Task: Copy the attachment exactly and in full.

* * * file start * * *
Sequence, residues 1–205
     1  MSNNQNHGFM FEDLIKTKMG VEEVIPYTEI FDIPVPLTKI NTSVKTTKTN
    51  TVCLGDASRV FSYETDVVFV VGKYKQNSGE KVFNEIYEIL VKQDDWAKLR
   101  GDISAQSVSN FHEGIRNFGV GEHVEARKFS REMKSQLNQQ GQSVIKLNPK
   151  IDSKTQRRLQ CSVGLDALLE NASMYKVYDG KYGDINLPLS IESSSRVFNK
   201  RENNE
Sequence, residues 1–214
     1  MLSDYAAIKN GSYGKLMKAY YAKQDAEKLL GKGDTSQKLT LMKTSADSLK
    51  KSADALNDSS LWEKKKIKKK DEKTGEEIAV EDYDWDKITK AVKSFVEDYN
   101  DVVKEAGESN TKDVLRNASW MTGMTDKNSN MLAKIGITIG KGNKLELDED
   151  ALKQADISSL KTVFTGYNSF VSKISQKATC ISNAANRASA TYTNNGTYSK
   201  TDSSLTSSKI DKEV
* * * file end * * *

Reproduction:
Sequence, residues 1–205
     1  MSNNQNHGFM FEDLIKTKMG VEEVIPYTEI FDIPVPLTKI NTSVKTTKTN
    51  TVCLGDASRV FSYETDVVFV VGKYKQNSGE KVFNEIYEIL VKQDDWAKLR
   101  GDISAQSVSN FHEGIRNFGV GEHVEARKFS REMKSQLNQQ GQSVIKLNPK
   151  IDSKTQRRLQ CSVGLDALLE NASMYKVYDG KYGDINLPLS IESSSRVFNK
   201  RENNE
Sequence, residues 1–214
     1  MLSDYAAIKN GSYGKLMKAY YAKQDAEKLL GKGDTSQKLT LMKTSADSLK
    51  KSADALNDSS LWEKKKIKKK DEKTGEEIAV EDYDWDKITK AVKSFVEDYN
   101  DVVKEAGESN TKDVLRNASW MTGMTDKNSN MLAKIGITIG KGNKLELDED
   151  ALKQADISSL KTVFTGYNSF VSKISQKATC ISNAANRASA TYTNNGTYSK
   201  TDSSLTSSKI DKEV